The Pressure is Off, It's Cheaper
At first glance, pressure-sensitive labeling can appear cost-prohibitive, but many suppliers say to get a true picture, users should look at total applied costs.
ACCORDING TO THE 2004 North American Label Survey (NALS) completed for TLMI, pressure-sensitive (PS) labels still remain the top choice for consumer products companies (CPCs), with nearly 53 percent using PS labeling technology for the markets they serve. With such a high consumption rate for the PS labels, it would seem that users would not need any sales pressure to purchase the labels. Not true.
The whole story
Converters need to step back and take a look at the whole picture if they want see the real costs, says Lynn G. Crutchfield, executive vice president for Acucote Incorporated.
"The distinction is clear. The acquired-cost concept focuses only on the price of the label. When we consider the total applied cost for pressure-sensitive materials, it is widely believed that these materials are cost-effective for many, many applications," Crutchfield said.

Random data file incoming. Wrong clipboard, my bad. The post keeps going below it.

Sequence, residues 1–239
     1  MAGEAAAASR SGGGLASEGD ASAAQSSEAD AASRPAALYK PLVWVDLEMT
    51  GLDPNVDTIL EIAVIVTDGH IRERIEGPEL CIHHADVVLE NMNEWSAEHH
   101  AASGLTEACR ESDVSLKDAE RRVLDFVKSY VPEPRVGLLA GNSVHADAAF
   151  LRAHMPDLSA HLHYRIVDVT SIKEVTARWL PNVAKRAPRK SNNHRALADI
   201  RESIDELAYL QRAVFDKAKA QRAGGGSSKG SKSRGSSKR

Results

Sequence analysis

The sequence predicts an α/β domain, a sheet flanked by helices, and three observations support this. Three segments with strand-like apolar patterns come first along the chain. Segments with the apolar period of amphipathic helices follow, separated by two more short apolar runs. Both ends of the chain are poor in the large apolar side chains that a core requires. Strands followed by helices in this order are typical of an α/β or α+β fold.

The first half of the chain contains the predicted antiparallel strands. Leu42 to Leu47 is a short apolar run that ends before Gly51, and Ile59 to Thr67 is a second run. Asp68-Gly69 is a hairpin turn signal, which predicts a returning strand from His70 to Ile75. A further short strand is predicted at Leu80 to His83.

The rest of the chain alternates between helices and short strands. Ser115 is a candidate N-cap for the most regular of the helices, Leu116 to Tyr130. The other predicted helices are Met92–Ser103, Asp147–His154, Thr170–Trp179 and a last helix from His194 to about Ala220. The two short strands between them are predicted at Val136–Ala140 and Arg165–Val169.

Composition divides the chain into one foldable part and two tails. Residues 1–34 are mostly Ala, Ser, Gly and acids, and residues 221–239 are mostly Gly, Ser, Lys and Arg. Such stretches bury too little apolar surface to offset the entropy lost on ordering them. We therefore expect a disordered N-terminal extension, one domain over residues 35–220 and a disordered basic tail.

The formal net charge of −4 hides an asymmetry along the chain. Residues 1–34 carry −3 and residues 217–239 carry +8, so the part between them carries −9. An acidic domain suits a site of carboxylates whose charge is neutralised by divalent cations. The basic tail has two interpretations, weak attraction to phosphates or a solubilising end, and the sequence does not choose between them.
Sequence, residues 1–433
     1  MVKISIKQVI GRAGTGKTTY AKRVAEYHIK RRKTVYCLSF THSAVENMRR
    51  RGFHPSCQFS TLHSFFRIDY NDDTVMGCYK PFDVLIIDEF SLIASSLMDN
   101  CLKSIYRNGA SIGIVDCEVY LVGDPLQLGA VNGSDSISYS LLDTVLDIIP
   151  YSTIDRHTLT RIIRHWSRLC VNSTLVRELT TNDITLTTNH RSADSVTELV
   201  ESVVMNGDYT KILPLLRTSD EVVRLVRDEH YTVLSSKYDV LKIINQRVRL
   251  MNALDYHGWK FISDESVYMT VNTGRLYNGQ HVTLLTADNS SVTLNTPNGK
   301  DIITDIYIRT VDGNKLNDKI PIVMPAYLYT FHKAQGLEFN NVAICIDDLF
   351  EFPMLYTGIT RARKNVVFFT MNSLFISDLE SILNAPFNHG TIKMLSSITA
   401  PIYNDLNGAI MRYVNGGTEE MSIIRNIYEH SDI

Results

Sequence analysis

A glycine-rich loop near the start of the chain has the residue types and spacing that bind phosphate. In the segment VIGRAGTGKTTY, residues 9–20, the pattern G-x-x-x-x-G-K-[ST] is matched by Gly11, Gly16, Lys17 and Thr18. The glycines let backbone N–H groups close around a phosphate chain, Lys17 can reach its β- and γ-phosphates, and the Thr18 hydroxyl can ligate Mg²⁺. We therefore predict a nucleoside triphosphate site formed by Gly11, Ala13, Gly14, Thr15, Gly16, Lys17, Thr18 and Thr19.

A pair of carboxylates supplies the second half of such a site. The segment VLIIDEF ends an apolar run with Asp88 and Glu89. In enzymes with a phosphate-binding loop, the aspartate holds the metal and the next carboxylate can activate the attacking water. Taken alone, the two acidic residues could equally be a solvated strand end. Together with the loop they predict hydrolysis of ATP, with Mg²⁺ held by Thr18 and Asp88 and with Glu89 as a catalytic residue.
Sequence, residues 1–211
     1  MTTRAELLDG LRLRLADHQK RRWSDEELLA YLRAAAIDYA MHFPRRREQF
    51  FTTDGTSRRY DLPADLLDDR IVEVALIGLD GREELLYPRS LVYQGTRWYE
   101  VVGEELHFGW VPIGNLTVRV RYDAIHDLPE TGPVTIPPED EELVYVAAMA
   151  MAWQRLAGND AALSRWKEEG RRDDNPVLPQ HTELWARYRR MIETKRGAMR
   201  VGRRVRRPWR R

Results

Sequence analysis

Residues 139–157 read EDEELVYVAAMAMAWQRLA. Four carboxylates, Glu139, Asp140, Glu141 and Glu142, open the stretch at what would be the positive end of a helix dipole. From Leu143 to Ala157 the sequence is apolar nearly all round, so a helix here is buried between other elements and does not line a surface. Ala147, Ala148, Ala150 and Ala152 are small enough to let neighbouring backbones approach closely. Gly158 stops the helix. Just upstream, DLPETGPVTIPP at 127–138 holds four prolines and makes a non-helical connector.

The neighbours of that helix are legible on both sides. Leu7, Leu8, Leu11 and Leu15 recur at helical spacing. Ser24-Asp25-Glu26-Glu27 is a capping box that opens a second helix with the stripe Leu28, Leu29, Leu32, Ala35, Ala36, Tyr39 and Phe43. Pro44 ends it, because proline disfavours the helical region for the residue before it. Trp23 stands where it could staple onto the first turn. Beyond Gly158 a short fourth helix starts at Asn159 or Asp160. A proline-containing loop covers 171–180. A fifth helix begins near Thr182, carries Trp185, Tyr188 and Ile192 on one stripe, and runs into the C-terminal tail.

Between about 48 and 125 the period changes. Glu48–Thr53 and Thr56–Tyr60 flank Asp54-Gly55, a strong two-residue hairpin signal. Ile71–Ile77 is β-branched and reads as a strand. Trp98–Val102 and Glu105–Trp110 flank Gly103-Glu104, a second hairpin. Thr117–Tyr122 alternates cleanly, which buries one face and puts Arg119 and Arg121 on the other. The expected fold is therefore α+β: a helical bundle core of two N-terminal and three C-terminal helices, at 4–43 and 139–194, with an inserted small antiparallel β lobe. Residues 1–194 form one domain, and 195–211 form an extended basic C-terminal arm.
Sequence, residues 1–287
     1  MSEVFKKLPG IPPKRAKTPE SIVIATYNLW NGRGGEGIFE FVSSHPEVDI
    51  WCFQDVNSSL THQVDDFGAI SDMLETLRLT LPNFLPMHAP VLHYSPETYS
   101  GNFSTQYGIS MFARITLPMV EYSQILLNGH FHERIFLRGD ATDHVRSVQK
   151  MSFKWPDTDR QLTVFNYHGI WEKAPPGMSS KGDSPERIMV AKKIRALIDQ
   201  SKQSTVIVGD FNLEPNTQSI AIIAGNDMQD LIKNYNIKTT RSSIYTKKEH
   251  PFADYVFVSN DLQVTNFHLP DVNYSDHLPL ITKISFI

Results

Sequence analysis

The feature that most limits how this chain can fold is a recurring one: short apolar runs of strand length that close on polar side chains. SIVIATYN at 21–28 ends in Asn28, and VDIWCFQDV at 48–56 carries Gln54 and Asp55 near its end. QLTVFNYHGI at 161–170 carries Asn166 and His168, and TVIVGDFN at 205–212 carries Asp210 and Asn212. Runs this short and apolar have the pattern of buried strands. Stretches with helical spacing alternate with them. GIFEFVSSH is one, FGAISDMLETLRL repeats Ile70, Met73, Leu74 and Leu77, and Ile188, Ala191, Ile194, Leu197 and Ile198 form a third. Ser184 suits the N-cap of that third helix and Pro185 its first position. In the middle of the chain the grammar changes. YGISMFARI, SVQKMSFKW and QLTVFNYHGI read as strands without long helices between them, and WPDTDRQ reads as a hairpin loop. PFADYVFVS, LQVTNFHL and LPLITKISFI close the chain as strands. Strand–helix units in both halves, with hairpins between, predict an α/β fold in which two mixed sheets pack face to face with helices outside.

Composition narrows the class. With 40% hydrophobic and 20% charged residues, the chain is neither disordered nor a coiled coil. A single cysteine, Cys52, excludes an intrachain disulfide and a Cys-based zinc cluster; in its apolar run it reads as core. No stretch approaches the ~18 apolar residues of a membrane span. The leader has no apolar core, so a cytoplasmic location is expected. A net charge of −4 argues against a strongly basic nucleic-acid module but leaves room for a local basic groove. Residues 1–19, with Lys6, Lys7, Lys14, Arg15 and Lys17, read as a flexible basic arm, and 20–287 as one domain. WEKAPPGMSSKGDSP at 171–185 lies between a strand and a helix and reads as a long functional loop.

The NALS report does project continued steady growth for PS labelstock materials. This segment grew 3 to 5 percent during 2003, and the outlook shows that growth will continue through 2005 at between 3 and 4 percent. The report lists PS sales revenues at $5,440 million in 2003.
So what's the big deal?
Using a total applied cost approach, it may cost less to use PS stocks, but are there other benefits? Crutchfield believes there are many advantages to using PS materials, and he named three major examples:
• Variety and versatility—"PS materials offer a wider range of products to select from than, say, glue-applied media. Thus, they give more flexibility with regard to the design and production of the label. They have the ability to be printed via different methods and offer the opportunity for less conventional shapes and sizes to be used."